2023 Balcony Garden Update

My 2023 Balcony Garden Update

I mentioned earlier this year that I hadn’t been planning on having a garden this year, but I’m so glad I changed my mind and went ahead with planting a few things. My garden isn’t very elaborate or productive, but it’s so satisfying to see things grow.

You can check out how I started my garden in my 2023 Balcony Garden Post.

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Balcony garden planters
How things started on my balcony

What I’ve been growing in my balcony garden

This year I went simple with my garden and tried to use up the seeds that I had from last year. I didn’t want to make a huge investment of money this year because last year’s garden didn’t produce enough to make that worth it.

I’ve been trying to grow:

How things have been going on my balcony garden

Things in my balcony garden haven’t been much different than last year with respects to productivity, but I have been able to harvest a few small things.

Beets, Radishes, and Basil

My beets and radishes grow an impressive amount of greenery, but don’t ever seem to produce fruit. I assume this is due to some issues with the soil, but I’m not motivated enough at this point to try and figure out the solution. It was worth a try to grow them again since I had the seeds, but I did not get rewarded with any fresh produce from the attempt.

I planted basil because it tends to grow really well no matter where I plant it and this year was no exception! My only problem is that I don’t ever remember to use the basil from my balcony because I don’t often cook with it. Even so, it’s still satisfying to see something grow so well!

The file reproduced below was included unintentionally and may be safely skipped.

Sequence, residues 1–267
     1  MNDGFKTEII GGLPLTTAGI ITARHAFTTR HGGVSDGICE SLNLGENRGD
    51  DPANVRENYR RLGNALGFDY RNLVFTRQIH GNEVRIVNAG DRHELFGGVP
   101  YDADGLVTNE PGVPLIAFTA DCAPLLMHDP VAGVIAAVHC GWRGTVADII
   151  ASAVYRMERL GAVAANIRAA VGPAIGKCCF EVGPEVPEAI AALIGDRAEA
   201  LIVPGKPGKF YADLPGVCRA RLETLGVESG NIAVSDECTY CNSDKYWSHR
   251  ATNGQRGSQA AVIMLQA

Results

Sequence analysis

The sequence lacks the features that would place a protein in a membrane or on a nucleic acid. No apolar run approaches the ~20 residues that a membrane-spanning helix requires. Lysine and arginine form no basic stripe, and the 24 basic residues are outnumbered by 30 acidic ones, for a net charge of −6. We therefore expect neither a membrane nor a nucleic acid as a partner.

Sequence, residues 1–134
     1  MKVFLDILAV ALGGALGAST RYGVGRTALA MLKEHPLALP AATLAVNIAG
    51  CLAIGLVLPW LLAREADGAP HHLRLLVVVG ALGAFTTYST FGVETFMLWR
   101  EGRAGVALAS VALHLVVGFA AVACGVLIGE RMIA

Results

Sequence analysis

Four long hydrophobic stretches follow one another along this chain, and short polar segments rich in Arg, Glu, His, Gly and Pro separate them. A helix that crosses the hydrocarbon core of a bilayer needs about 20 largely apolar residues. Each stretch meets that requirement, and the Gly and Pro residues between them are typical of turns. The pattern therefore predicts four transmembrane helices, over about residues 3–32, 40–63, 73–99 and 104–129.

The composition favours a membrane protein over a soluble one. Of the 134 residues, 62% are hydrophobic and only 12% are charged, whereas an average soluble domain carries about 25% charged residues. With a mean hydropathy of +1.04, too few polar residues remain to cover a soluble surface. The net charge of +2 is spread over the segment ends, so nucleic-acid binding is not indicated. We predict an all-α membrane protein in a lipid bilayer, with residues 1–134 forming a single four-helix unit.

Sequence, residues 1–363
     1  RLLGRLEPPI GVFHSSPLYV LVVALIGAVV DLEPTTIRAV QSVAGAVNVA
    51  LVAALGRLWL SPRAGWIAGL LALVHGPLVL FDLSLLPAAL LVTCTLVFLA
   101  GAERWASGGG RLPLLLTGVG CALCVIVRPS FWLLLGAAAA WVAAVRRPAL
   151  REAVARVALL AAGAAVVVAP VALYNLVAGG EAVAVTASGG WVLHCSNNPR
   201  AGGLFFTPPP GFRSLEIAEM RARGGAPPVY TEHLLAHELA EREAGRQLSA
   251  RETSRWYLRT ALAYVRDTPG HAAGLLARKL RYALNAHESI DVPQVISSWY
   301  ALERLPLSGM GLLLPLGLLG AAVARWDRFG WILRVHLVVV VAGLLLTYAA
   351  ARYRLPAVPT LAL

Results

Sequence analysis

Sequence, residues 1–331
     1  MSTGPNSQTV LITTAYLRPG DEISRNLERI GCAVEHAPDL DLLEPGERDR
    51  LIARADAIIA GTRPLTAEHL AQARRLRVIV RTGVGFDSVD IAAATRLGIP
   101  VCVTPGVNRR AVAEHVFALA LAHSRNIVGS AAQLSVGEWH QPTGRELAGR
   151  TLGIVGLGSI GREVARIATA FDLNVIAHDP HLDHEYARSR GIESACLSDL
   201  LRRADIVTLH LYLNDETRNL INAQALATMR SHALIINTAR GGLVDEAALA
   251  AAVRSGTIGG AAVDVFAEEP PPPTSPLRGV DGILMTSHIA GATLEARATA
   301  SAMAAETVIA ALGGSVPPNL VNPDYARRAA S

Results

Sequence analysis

I didn’t expect my kale plant to keep surviving after I chopped off the tops to get rid of the dying flowers, but it did! Unfortunately the plant became home to a number of aphids and a little caterpillar that munched away at the plant, but they eventually moved onto a different home and I was able to use a few small leaves for a pot of vegetable soup. None of my new kale plants grew, which is likely due to the mischievous Stellar Jays burying their peanuts in my planters and disturbing the seeds.

If my kale plant flowers again, I’m going to try to save the seeds from it. I was introduced to this concept by Cecilia who commented on my first garden post for this season. Here is what she has to say about saving seeds:

First off choose your best performing plants and mark them.

For the kale and peas – let them go to seed and let the seeds dry on the plants. Keep watering as usual you want the seed dry not dead. If you are only growing one variety there is no need to bag them.

Once dry pop the seeds into a well labeled paper bag and into a glass jar. If there is no condensation in the jar you know they are dry enough to seal. Store very cool.

Thank you for the reminder to make a seed saving post – or at least begin a seed saving chapter in the posts.

Nothing happens overnight in a garden as you know. And I love saving seeds!

Snap Peas

Even though my harvests are relatively small, I feel very rewarded by my snap pea plants. I planted in two locations on my balcony, but one must have had too much sun as the plants stayed small and did not produce any peas. The other plant was in a shadier spot and produced a small, steady stream of peas for me for a few weeks.


Cucumbers are one that I get really excited and hopeful for. When my first sprout popped up I was like a proud parent and when the first flower appeared I couldn’t contain my excitement! I did have some worry, though, about whether I would get both male and female flowers to be able to pollinate the plant.